Bengaluru

Proving that age is just a number

People taking part in a ‘paper bag challenge’ outside Manipal Centre in Bengaluru on Saturday.— Photo: Special Arrangement

People taking part in a ‘paper bag challenge’ outside Manipal Centre in Bengaluru on Saturday.— Photo: Special Arrangement  

Age — that number that almost always starts off as a guessing game based on the number of grey hair or wrinkles — was shrouded in a paper bag mystery on Saturday, coinciding with the International Day of Older Persons.

The ‘What’s my age!’ activity was an attempt at breaking stereotypes associated with ageism and reiterate the fact that age was just a number.

Organised by the Nightingales Medical Trust, the activity was part of a workshop, Connect Elders, Correct Ageism: A campaign to build a community of empowered elders through technology, which was among many events organised across the city to mark the day.

“Some people thought I was 60, some others 70. But I never think of my age at all. From the time I turned 60-years-old, I have played and exercised with youngsters also. Defeat is not failure. Inner-confidence and positivity are what keeps me going,” said a cheerful K.R. Srikanth, now 82-years-old.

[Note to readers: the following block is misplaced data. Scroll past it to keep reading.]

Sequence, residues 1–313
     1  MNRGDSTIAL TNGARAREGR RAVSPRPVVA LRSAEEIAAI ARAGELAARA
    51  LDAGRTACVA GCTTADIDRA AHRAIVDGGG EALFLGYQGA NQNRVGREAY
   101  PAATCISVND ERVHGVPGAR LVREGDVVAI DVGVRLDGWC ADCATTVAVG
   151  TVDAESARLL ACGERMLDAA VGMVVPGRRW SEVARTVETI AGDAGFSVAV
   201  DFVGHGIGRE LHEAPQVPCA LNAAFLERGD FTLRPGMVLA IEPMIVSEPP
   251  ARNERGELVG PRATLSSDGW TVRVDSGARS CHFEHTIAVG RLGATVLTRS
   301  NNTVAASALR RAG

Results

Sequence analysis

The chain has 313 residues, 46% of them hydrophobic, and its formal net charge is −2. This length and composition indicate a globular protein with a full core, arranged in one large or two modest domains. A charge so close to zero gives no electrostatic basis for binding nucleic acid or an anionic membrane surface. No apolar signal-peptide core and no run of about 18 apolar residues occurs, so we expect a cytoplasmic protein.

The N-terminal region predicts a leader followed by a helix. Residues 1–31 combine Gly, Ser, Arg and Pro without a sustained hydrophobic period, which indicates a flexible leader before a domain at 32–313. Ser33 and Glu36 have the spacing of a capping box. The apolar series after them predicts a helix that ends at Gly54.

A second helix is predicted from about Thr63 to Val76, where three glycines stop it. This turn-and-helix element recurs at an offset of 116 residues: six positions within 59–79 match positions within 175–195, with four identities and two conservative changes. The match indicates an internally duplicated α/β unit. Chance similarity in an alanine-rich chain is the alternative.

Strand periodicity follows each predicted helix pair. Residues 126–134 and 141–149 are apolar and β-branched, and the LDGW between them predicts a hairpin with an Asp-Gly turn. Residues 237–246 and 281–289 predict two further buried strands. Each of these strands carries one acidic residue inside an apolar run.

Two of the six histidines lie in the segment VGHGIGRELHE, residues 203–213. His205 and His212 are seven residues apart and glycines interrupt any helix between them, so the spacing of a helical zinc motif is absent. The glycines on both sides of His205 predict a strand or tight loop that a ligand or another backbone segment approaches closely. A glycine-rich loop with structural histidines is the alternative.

He tries walking as much as possible, sometimes even five kilometres at a stretch.

In fact, following an active lifestyle is advocated by more than one senior citizen. Philip George (69), a social worker, said, “If you are active, you don’t age.”

He also pointed to the advantages of staying in touch with the “community” of elders. “One is single, two is a due, three or more is a community. You get to know more about yourself through others,” he added.

The role that technology can play too was discussed at length.

S. Sadagopan, Director, International Institute of Information Technology, Bengaluru, spoke about the elderly in India being one of the biggest users of social media platforms, primarily to communicate with their children abroad.

“It also means having knowledge at your fingertips,” said Vinay Vajander (64), formerly a banker.

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